• Pittsburgh Public Theater presents Lucas Hnath’s Broadway hit, A Doll’s House, Part, 2, now through April 7, at the O’Reilly Theater, Pittsburgh Public Theater’s home in the heart of Downtown’s Cultural District. In this play, the playwright imagined a sequel to Henrik Ibsen’s A Doll’s House. At the end of that groundbreaking play from 1879, the main character walks out on her overbearing husband and children. In A Doll’s House, Part 2, it’s 15 years later and Nora (Lisa Velten Smith) returns to demand that her husband, Torvald (Daniel Krell), officially divorce her. She also has showdowns with her now-grown daughter Emmy (Marielle Young), and the nanny Anne Marie (Helena Ruoti). 412-3161600; ppt.org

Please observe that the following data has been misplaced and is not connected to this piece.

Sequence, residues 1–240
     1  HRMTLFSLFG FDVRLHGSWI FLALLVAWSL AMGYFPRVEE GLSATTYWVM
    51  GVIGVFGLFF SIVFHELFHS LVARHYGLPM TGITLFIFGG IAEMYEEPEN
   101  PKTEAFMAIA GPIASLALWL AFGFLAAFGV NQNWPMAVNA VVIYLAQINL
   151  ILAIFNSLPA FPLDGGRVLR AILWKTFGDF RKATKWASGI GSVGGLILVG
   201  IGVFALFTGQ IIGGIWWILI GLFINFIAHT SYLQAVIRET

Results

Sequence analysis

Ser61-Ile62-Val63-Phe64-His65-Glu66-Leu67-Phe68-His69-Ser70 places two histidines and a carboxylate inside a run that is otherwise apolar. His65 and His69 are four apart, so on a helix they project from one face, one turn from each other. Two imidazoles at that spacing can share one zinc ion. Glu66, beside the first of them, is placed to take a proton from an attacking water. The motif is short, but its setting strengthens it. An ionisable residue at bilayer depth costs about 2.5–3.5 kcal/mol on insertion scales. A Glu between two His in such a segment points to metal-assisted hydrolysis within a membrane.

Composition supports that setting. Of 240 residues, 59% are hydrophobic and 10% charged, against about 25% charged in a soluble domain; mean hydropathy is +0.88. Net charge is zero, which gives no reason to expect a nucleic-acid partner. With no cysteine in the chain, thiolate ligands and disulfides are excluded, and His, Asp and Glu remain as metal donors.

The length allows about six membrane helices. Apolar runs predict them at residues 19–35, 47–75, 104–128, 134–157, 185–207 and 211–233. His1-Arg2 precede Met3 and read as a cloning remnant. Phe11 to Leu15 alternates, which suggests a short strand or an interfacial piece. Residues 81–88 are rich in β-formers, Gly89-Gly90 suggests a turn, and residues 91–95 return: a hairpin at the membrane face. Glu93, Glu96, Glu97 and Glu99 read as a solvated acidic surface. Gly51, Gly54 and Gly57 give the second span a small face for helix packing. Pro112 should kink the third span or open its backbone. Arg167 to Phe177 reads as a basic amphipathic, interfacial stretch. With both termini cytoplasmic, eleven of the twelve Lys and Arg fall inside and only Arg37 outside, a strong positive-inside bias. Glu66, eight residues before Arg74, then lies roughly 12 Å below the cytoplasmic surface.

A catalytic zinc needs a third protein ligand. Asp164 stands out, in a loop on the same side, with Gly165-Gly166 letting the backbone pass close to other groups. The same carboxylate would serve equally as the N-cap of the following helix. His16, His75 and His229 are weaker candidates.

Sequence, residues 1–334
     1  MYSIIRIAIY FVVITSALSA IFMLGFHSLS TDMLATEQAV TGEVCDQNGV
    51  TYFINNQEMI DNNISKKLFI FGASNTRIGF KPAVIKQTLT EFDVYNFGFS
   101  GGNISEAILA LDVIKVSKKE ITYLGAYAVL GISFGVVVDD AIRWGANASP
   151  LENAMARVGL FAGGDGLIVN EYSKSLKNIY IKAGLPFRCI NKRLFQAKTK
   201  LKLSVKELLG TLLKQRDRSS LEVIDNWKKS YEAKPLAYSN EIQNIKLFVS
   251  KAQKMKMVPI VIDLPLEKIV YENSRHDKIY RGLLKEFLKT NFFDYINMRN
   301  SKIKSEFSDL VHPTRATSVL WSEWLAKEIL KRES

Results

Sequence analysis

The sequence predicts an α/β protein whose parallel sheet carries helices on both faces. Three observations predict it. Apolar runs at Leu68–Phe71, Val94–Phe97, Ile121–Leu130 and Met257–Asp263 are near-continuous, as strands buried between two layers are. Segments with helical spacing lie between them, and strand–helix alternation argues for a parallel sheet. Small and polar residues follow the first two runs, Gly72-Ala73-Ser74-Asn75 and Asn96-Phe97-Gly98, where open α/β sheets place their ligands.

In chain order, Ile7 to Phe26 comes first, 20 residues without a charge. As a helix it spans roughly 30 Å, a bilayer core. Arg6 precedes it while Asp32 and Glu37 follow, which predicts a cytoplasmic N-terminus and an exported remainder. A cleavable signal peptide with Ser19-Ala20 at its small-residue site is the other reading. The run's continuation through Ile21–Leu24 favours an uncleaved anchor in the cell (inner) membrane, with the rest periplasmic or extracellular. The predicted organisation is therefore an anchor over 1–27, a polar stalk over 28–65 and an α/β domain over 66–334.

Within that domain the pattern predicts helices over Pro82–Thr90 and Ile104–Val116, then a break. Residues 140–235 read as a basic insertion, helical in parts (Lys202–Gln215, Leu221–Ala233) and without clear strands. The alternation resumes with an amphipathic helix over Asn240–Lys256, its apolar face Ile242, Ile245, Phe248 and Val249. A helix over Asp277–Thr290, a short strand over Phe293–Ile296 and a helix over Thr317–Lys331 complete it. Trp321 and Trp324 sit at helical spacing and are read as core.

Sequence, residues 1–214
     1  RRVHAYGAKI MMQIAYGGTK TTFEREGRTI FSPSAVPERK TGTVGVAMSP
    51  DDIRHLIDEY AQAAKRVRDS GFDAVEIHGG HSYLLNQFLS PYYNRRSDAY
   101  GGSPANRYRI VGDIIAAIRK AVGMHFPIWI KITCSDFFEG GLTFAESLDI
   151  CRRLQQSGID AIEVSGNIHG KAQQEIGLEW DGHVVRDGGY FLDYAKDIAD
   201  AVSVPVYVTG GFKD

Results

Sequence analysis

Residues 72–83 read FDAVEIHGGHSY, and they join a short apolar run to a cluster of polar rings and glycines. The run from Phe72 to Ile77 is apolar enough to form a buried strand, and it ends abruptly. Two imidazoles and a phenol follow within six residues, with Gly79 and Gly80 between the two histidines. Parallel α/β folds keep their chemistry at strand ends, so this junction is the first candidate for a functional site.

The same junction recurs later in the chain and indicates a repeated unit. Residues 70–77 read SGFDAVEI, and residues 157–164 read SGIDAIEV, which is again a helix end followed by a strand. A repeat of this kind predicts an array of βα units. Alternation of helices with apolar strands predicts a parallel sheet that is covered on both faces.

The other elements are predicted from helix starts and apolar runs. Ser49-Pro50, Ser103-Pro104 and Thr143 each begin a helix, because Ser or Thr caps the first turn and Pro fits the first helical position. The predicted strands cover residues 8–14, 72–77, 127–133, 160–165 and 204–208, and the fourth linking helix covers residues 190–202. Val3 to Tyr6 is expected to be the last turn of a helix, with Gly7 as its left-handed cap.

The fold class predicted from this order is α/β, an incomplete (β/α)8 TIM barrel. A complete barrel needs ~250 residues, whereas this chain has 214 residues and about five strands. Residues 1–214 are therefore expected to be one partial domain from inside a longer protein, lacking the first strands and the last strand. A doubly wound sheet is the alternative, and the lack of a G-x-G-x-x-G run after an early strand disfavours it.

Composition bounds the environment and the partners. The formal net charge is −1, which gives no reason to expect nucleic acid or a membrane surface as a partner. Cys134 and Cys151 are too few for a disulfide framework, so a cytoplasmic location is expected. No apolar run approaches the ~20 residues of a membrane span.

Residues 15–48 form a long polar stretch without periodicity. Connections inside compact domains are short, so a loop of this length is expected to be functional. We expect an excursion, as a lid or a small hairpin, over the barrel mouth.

• The Pittsburgh Cultural Trust has announced the 2019-20 PNC Broadway in Pittsburgh Season, which collectively boasts more than 30 Tony Awards. The shows coming to Pittsburgh include: The Band’s Visit, Mean Girls, A Bronx Tale, Jesus Christ Superstar, Miss Saigon, Summer: The Donna Summer Musical and Escape to Margaritaville. Season specials include, Cats, Les Miserables, The Illusionists and Disney’s The Lion King. It has also been confirmed that Hamilton will return for the 2020-21 season; 2019-20 season ticket-holders who renew for the 2020-21 season will receive priority seating for the show. 412-456-1390; TrustArts.org/Broadway